Guest post: Tess Makovesky.

Today I have the awesome Tess Makovesky talking to us about Reusing characters. Please feel free to comment at the end of the post. Thanks again to Tess for taking the time to share her thoughts.

Vic x

Re-using characters: skilful repackaging or excess baggage?

These days we’re encouraged to be green with almost everything. Reduce, reuse, recycle is the modern mantra, and quite right too in this age of dwindling resources and ever-increasing waste. But can the same thing apply to characters in fiction?

I’ll come clean straight away and admit I hardly ever write sequels. Partly this is because I have so many new ideas buzzing round that I don’t really have time to re-visit old stories. Partly it’s because most of my stories finish with a twist, and writing anything more would be too much like re-wrapping a Christmas present and expecting the recipient to be just as excited second time around. It doesn’t really work.

However, every now and again a character grabs me by the, um, throat. Either I develop a soft spot for them, or they would fit just as well somewhere else. Take Justine, the young car thief in ‘Wheel Man’ (published in Drag Noir from Fox Spirit). She’s feisty, go-getting, and not above taking things into her own hands, and I happen to like her. Added to which, she’d be just perfect in my latest work-in-progress, where a bag of money gets transported round Birmingham, mostly inadvertently, in the hands of a group of disparate criminals all intent on their own nefarious ends. Someone drives off with the money in their van; someone else steals the van. And Justine instantly sprang to mind.

Drag Noir

She comes ready prepared, in a ‘here’s one I made earlier’ kind of way. I don’t have to waste time inventing her backstory or thinking up new and unique physical attributes. And it’s such a neat way of tying a published story in to a new piece of work, with all the marketing benefits that could bring.

However, like most things in life it’s never quite as simple as you think it will be. I sat down and dashed off half a chapter featuring Justine, but the more I wrote the slower I got. Something, somewhere, just didn’t feel right. It took me a couple of days to figure out what, but basically the biggest problem is that not all my readers will know who or what she is. For that reason I felt I had to stuff her entire backstory into the first chapter she appears in, and as I write in short chapters, that created all sorts of issues with the pacing. Suddenly what had been a fast-paced, pared-down piece of work became flabby, with long passages where Justine mused about what had happened to her in ‘Wheel Man’.

Of course, I could just weed all that stuff out, but there are two problems with that. Firstly, anyone who isn’t familiar with ‘Wheel Man’ won’t have a clue who Justine is and therefore her motives may not ring true. Second, there doesn’t seem to be much point re-using the character at all unless I can actually refer to past events. I could just as easily invent someone new, not a car thief necessarily but someone with a need to steal a van.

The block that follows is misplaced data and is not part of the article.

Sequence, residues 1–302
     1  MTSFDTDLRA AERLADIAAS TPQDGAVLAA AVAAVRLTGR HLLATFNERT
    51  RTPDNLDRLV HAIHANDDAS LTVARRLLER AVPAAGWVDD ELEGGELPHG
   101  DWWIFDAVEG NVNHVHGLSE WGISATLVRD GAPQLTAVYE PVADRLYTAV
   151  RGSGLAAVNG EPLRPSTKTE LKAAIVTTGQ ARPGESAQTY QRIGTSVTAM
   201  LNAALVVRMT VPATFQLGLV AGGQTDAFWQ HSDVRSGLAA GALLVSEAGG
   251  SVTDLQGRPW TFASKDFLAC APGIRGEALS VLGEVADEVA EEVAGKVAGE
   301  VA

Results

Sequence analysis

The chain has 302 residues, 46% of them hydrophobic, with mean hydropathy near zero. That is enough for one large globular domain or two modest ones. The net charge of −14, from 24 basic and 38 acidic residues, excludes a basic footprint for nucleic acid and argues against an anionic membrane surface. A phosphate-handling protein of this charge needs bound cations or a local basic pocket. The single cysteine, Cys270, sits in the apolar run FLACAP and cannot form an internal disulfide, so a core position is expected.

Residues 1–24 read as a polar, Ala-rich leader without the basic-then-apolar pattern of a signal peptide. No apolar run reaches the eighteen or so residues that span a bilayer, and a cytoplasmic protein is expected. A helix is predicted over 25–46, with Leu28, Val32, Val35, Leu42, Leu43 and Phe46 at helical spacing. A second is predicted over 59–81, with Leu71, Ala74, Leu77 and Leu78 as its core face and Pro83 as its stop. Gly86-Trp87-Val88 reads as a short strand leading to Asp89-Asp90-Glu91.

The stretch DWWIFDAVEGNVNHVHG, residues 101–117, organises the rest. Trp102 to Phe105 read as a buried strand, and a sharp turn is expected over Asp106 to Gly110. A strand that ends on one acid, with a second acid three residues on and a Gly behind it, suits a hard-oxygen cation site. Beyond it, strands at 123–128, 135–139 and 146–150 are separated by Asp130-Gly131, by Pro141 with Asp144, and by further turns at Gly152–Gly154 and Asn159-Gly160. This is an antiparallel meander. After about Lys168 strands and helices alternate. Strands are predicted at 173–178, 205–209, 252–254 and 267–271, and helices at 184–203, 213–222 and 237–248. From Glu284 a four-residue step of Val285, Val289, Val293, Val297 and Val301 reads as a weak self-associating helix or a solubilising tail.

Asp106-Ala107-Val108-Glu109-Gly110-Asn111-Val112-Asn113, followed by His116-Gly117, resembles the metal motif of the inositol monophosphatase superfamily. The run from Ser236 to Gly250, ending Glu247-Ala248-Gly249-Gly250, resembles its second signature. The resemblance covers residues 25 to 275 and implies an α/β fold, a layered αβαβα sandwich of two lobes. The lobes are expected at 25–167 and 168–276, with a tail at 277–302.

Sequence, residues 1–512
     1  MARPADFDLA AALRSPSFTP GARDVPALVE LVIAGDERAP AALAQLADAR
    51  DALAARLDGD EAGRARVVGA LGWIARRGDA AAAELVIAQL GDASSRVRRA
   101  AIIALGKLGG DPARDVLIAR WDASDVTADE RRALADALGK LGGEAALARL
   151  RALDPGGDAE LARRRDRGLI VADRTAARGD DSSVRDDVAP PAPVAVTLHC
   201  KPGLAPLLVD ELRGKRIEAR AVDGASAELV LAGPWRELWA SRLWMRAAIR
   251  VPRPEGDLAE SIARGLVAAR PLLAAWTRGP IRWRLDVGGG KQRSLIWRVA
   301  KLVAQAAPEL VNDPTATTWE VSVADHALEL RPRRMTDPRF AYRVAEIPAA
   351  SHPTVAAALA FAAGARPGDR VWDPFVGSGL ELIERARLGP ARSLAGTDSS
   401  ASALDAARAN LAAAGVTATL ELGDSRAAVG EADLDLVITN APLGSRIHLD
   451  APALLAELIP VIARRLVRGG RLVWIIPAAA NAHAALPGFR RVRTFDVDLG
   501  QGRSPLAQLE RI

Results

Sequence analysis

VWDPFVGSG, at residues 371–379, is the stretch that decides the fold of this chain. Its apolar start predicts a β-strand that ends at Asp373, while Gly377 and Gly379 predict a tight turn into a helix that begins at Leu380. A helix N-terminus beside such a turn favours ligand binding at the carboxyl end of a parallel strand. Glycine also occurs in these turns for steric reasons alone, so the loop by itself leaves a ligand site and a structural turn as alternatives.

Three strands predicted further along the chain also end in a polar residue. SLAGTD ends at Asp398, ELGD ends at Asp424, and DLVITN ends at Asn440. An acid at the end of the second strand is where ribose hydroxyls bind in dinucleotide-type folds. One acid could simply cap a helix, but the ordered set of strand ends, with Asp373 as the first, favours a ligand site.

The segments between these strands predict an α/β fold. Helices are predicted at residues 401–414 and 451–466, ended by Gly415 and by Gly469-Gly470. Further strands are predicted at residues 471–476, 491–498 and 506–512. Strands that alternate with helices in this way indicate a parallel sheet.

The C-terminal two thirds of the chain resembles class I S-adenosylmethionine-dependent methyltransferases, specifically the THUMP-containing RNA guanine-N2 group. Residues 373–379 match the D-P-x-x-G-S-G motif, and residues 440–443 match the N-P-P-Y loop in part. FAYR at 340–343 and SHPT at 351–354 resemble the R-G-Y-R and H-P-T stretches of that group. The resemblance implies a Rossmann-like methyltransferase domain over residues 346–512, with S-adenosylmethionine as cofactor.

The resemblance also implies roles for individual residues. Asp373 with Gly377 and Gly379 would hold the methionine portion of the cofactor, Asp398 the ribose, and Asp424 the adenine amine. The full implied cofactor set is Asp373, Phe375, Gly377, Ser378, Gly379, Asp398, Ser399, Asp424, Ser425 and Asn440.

I suspect that, like most things in fiction writing, there’s no right or wrong answer, and it’s something I’m going to have to muddle through by myself. But I wonder how writers who feature the same characters in lots of different stories and/or novels cope. Is there a modern mantra for re-using characters, as well as for recycling the trash?


Liverpool lass Tess is now settled in the far north of England where she roams the fells with a brolly, dreaming up new stories and startling the occasional sheep.

Tess writes a distinctive brand of British comédie noir and her short stories have darkened the pages of various anthologies and magazines, including ‘Exiles: An Outsider Anthology‘ (Blackwitch Press), ‘Drag Noir‘ (Fox Spirit), and ‘Rogue‘ (Near to the Knuckle).

You can follow her ramblings (both literary and literal) at her blog: .


3 responses to “Guest post: Tess Makovesky.

  1. Pingback: It’s elementary… | Tess Makovesky

  2. That’s really an interesting question, Tess! I’m actually facing the same situation, to be honest. I’m writing what for the moment is a standalone. It features a character I introduced in an earlier novel, and sort of follows up on her story. I couldn’t help it; she wouldn’t leave me alone!

  3. Snap, Margot! I’ll be interested to hear how you get on…

Leave a Reply

Fill in your details below or click an icon to log in: Logo

You are commenting using your account. Log Out /  Change )

Google+ photo

You are commenting using your Google+ account. Log Out /  Change )

Twitter picture

You are commenting using your Twitter account. Log Out /  Change )

Facebook photo

You are commenting using your Facebook account. Log Out /  Change )


Connecting to %s